Summer is again upon us. We again start to dream of exotic vacations, foreign cities, singular experiences, new friends, and so on. We want to escape the mundane drag of our everyday lives and to discover the unknown, leaving behind everything connected with responsibility and work and enjoying the time just for ourselves.
The work-hard-play-hard paradigm has shaped us this way. We work, work, work and then, when we feel we can’t take it anymore, we try to forget it all by going in the opposite direction, looking for increasingly extravagant forms of entertainment. This has been exacerbated as people, especially the younger generations, have moved towards seeking ever more extreme experiences: climbing vertical cliffs without ropes, crawling through mud under 10,000 volts of barbwire, bungee-jumping, and the like. In this rush of adrenaline we want to recuperate everything we think we have lost through being committed to a regular, boring life. Then the vacation ends and we have to leave the exotic place and go back to work until the next vacation. And the cycle repeats itself, bringing more dissatisfaction in the process.
This is a vicious cycle, however, since it condemns us to live in a state of continuous displeasure with the daily activities from which we cannot escape, our only hope being that one day we will be able to regain it all in a one-of-a-kind life experience. Unfortunately, it doesn’t work this way. The daily displeasure of life takes its toll on us, a toll that we can’t shake off with a foreign vacation.
So what should we do? Well, recently our lexicon has received a new entry, a word that opens novel possibilities: “staycation.” Staycation, as defined by the Merriam-Webster dictionary, is a short vacation spent at home or nearby. In other words, rather than looking to escape to exotic places, you just stay at home and appreciate what you already have but are too busy to enjoy.
This is very similar to the universal Christian saying that you should “stop and count your blessings.” Because we get so caught up in “life,” we simply forget to stop, breathe, and look around us from time to time. The benefit of this simple exercise is that we can learn to appreciate what we already have. There is no need to waste time, money, and energy chasing an illusion when we can learn to enjoy what we already have at hand.
Of course, I am not advocating that everyone should stay at home all the time, but short and frequent “staycations” can render all the struggle of life just a little more bearable.
This same concept can be easily be applied to our spiritual life. “Cradle” Orthodox Christians, for instance, are born into the faith and they grow in the practice of faith from a young age. Sometimes, however, this can become dull in itself: the fasting, daily prayers, and long services can take their toll on us. Oftentimes this leads people to look for “excitement” in other religions and philosophies or even in a more secular way of life.
This also applies to people who have come to the faith later in life through conversion. Most of them come to Orthodoxy because they are dissatisfied with their spiritual life in the denominations or groups to which they formerly belong. But after they have accepted and settled into the faith, there comes a moment when the reality of being Orthodox sinks in. They discover either that not even all Orthodox people are saints or that the practical aspects of being Orthodox can be quite difficult to manage. Once they begin to see the imperfections of their new faith, the temptation comes to look for something more fulfilling, perfect, and exciting.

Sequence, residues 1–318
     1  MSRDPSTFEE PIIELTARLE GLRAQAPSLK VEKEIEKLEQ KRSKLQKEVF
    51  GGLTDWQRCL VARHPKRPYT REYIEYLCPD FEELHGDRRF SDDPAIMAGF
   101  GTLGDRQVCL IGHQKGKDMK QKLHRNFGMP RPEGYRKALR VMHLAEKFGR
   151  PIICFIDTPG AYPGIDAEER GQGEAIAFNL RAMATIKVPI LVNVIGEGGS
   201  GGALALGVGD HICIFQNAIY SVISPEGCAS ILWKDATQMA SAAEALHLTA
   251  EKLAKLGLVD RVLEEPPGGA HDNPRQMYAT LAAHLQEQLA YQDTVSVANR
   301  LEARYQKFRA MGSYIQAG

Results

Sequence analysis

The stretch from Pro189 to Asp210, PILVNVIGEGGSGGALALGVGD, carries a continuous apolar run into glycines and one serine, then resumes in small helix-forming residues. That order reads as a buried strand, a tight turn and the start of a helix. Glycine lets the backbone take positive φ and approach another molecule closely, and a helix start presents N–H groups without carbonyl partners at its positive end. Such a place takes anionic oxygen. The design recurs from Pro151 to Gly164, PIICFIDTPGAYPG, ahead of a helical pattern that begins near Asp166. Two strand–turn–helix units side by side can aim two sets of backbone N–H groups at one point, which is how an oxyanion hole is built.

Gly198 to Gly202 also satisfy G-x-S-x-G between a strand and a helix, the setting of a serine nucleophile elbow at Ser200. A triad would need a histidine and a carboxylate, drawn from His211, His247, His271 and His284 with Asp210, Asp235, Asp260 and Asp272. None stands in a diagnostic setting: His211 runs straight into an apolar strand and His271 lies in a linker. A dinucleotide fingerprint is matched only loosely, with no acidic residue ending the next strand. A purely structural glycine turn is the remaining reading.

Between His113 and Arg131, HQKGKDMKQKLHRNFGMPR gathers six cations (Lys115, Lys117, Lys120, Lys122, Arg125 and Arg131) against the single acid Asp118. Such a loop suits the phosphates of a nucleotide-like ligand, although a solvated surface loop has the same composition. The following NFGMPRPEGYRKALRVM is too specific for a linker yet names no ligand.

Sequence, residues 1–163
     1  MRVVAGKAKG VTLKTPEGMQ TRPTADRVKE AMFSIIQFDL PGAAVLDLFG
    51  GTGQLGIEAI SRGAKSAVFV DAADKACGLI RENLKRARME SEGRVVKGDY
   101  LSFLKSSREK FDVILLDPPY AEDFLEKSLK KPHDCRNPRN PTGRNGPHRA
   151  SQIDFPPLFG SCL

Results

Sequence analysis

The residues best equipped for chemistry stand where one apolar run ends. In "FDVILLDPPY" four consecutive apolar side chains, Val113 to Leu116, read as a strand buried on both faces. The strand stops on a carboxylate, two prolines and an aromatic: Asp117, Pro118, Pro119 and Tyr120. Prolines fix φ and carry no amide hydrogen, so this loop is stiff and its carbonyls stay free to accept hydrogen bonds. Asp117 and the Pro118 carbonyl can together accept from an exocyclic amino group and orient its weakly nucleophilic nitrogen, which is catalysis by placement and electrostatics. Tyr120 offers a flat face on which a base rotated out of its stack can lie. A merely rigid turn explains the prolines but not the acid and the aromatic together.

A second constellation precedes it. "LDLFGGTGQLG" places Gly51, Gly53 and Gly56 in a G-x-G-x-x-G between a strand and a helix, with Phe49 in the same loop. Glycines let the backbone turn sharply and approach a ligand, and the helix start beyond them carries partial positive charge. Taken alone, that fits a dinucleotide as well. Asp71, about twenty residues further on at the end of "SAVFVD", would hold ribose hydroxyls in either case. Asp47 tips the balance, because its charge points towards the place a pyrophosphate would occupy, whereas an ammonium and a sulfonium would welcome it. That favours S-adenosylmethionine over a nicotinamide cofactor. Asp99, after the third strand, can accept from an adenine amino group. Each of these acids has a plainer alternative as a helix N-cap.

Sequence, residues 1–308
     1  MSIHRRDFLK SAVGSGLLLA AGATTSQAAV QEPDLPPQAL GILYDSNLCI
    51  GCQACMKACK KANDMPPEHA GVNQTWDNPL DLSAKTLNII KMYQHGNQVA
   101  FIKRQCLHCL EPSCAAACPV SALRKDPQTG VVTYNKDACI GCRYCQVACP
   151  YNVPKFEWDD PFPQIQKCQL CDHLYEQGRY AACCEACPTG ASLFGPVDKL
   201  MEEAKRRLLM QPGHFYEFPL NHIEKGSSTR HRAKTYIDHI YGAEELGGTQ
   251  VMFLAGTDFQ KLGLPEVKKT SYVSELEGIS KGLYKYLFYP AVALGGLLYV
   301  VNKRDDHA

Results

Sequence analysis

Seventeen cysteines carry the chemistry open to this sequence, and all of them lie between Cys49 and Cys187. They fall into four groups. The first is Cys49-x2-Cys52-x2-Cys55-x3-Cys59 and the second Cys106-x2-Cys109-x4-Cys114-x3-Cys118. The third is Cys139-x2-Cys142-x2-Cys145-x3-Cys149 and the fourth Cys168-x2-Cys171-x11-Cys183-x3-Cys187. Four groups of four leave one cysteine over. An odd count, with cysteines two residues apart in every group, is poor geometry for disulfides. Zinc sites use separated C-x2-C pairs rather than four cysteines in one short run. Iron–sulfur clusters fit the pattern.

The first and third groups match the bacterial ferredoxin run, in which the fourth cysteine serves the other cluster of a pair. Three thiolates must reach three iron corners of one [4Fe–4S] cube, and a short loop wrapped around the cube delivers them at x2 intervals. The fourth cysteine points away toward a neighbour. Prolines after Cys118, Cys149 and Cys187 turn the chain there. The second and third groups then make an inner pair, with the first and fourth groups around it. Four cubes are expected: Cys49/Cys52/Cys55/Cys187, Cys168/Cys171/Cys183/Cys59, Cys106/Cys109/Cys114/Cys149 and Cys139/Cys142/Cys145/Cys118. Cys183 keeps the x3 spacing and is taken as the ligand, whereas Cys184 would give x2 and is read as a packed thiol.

We can apply the “staycation” idea to these two cases. Instead of looking for answers outside ourselves, what about taking a deep breath and going back to basics, looking for meaning where we already are? There are so many simple things we can do to rediscover the roots of our faith.
Spending time in a monastery can be a wonderful break from the dullness of life. Being in a place that radiates commitment, with wonderful people who are completely dedicated to the faith, can have a profoundly healing effect on our relationship with God. From the beautiful services and our conversations with the elders we can learn that our faith is something worth working for, despite the apparent difficulties. We might get advice about how to live a more organized and meaningful life in Christ that might make everything easier for us.
Sometimes we don’t even have to go that far. Participating in services that we haven’t before attended, re-engaging in catechism, and enrolling in parish ministries might be just as fulfilling as going on a pilgrimage.
We might also consider opening up our hearts in the Sacrament of Confession and asking our own parish priest the questions that bother us. He may be able to help us either directly or by putting us on the right path to find the answers for ourselves.
But if all this still sounds too difficult, we can start by just increasing our time committed to personal prayer at home. Opening a conversation with God through worship may be all that is necessary to re-kindle our life in Christ. Once this happens, everything will start to make sense again and we will be able to fully re-engage in the life of the Church.
Not doing anything while dreaming of deliverance won’t take us anywhere. Looking for meaning, right here and right now, may be all we need. Happy staycation to all!
Source: Gladsome Light Dialogues